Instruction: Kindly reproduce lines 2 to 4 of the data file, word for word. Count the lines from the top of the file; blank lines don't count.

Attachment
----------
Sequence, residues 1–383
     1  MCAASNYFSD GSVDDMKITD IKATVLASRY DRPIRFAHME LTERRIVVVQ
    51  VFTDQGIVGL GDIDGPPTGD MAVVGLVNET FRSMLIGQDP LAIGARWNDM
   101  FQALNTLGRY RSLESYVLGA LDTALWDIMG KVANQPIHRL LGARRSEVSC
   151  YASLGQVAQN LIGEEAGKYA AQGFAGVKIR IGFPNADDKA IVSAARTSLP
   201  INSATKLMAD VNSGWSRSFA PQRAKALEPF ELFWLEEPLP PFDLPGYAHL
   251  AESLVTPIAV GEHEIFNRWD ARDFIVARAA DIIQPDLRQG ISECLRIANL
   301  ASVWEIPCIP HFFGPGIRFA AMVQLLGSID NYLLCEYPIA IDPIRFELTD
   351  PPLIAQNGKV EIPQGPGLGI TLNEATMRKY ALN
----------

     1  MCAASNYFSD GSVDDMKITD IKATVLASRY DRPIRFAHME LTERRIVVVQ
    51  VFTDQGIVGL GDIDGPPTGD MAVVGLVNET FRSMLIGQDP LAIGARWNDM
   101  FQALNTLGRY RSLESYVLGA LDTALWDIMG KVANQPIHRL LGARRSEVSC